How I’m Reducing Costs in My Crafting Business

Reduce Costs in Crafting Business

Although I’m a freelance writer by trade, I’ve always loved crafting and have dreamed of turning my hobbies into a business for years. Right now I’m working on launching a woodworking side hustle selling small handmade gifts like pens and bowls. As a result, I’ve been doing a lot of research to learn more about how to run a handmade product-based business.

Sadly I’ve learned that some crafters aren’t turning much of a profit. Customers on platforms like Etsy often aren’t willing to pay enough to properly compensate makers for their time and effort. To ensure my side hustle is profitable, I’m planning to focus on customers who see the value in handmade products and are willing to spend more on them.

I’m also going to try to keep my material and labor costs as low as possible to maximize profitability. Here are the main ways I’m going to minimize expenses to hopefully make my business a success.

Find Cheap Materials

One of the reasons I’m starting a woodworking business is because I have access to wood. My home is on a forested 10 acre lot, so my partner will be able to chop down trees and mill them for me on our sawmill. Although cutting down trees takes time and hard labor, it’s still cheaper than buying wood at today’s inflated prices, so it’s worth the effort.

In my area I can also find lots of free firewood, wood scraps, and pallets. It’s not the highest quality wood, but it works for some projects. Upcycling has also become trendy in recent years, so eco-friendly consumers may appreciate that some of my items are made from recycled wood.

Even if you don’t have access to cheap wood like I do, you can still apply this same type of thinking to your own business. Instead of buying materials at full retail price, see if you can get some secondhand. Many hobbyists give away or sell supplies they didn’t use for cheap. If you visit thrift stores, garage sales, Facebook Marketplace, and Craigslist, you may be able to score some deals. You could even look into buying your products wholesale instead of getting them at Michael’s.

You may also be able to upcycle secondhand items and turn them into something new. If you’re a knitter, for example, you could unravel a sweater you bought at the thrift store and use the yarn for your projects. If you make jewelry, you could take old keys and turn them into necklaces or transform silver spoons into bracelets. Use your creativity to dream up unique recycled products to lower your material costs.

Automate Production

Speaking from experience, handmade goods can take hours upon hours to produce. Many craft business owners don’t assign value to their time or factor their labor into their pricing. But even if you’d be making furniture or sweaters in your free time anyway, you should still aim to be profitable enough to pay yourself a good hourly rate.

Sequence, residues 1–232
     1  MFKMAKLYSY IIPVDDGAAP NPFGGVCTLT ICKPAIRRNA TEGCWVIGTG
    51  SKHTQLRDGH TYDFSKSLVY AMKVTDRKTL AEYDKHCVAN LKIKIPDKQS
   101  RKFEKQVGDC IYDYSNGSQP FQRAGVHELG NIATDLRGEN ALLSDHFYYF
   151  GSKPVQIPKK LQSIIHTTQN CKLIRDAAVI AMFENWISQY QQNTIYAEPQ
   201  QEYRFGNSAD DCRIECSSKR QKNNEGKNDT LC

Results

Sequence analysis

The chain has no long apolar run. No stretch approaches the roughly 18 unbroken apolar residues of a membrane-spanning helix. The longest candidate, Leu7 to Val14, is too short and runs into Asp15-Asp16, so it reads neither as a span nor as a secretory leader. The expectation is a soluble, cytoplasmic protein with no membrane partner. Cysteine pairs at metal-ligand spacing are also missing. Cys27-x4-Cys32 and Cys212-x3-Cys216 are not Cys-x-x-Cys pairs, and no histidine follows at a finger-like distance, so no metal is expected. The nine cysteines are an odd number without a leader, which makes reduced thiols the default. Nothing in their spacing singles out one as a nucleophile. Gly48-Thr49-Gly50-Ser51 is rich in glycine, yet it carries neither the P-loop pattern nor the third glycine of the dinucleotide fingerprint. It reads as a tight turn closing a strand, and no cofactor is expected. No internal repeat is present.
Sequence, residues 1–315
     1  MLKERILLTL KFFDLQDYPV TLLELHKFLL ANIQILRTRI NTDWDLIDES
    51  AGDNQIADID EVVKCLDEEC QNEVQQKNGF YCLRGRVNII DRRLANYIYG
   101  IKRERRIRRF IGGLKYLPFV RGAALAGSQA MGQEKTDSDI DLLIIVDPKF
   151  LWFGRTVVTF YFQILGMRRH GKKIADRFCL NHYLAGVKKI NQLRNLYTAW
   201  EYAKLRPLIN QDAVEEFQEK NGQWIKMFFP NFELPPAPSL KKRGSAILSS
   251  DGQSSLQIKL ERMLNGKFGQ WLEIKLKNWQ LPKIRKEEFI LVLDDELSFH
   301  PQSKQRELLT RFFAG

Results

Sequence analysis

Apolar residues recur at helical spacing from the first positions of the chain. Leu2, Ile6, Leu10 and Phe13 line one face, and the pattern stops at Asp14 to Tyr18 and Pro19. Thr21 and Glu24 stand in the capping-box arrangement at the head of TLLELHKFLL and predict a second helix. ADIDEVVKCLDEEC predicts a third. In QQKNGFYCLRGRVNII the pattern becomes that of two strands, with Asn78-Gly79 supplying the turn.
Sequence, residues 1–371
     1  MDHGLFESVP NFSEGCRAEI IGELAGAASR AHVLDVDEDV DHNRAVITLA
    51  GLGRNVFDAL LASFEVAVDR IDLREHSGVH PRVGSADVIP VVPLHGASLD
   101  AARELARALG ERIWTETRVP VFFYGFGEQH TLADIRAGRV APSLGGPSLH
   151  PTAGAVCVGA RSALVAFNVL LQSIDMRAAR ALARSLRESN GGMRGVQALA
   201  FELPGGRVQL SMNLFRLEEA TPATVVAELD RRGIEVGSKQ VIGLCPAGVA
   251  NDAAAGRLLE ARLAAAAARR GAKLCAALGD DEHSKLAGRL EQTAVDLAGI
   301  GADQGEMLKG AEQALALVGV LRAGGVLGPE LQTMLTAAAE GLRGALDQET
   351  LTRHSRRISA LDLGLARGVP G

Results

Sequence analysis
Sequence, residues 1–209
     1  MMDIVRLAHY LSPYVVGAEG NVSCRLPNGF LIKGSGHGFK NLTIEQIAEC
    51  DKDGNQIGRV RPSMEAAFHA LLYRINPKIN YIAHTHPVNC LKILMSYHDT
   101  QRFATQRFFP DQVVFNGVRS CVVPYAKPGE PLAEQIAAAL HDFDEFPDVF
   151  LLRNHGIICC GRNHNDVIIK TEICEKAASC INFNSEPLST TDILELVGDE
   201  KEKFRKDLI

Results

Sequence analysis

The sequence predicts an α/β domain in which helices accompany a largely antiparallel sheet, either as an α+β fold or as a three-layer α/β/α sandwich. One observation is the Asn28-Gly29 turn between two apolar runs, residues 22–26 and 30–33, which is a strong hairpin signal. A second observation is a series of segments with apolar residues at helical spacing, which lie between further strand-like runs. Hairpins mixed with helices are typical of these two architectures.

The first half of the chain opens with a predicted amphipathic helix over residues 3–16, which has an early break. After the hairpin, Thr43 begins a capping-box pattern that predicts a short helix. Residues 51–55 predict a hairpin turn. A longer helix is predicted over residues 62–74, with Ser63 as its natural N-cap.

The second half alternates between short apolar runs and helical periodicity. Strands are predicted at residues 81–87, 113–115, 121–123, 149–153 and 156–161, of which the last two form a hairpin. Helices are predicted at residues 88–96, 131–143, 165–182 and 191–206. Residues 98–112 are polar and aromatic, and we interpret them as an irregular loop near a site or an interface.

After looking at the going price of handmade wood products like pens and bowls online, I knew I wouldn’t be profitable if I did everything by hand. The amount of time it would take me would mean I’d be earning around minimum wage at best. 

Instead of handcrafting each product, I’m buying tools that will help me automate most of the production process. That way I’ll be able to maximize my efficiency and hopefully be able to sell more items and scale more effectively. 

Invest in Time-Saving Tools

Since I’m starting a woodworking business, I’m planning to invest in a CNC. A small CNC machine costs around $2,000 and can make everything from cutting boards to skateboards. All you have to do is create the design in CAD and let the machine do the work for you. 

Although I’ll still need to finish the pieces by applying stain, it will take me far less time to add some final touches than to make all of my products by hand. CNC machines do require a sizable upfront investment. But over time, it will more than pay for itself considering how much time and labor it will save me. 

To reduce labor costs and increase efficiency in your business, research processes and figure out how other creatives in your industry save time. If you’re a knitter, for example, you may be able to get a knitting machine to churn out sweaters. Metalworkers may find CNC plasma cutters helpful, and jewelry designers can bring their creations to life faster using a 3D printer. 

These time-saving tools can cost a couple hundred or thousand dollars, but are usually worth it when you run the numbers and see how much labor they’ll save you. 

Save On Shipping

Although I plan to sell my products online, I’m hoping that I’ll make most of my sales in person. I live in a tourist town, so I’m going to rent a booth at the local farmer’s market during vacation season. My farmer’s market has affordable booth rental rates, so selling in person will be cheaper for me than shipping my products across the country.

However, if the farmer’s market in your area charges high rental rates, you can use other platforms to sell your wares locally. Facebook Marketplace is free to use, and posting an ad on Craigslist only costs a couple dollars. Taking advantage of these platforms can help you avoid shipping costs and lower your expenses.

If selling in person isn’t feasible for you, check out our post on how to save on shipping. You may be able to get better rates by using a shipping platform like Shippo that charges less than the post office.

After factoring in material costs, labor, and overhead, it can be hard to make your handmade business profitable. Hopefully this post gives you some ideas to help you manage your expenses so you can get compensated properly for your hard work.

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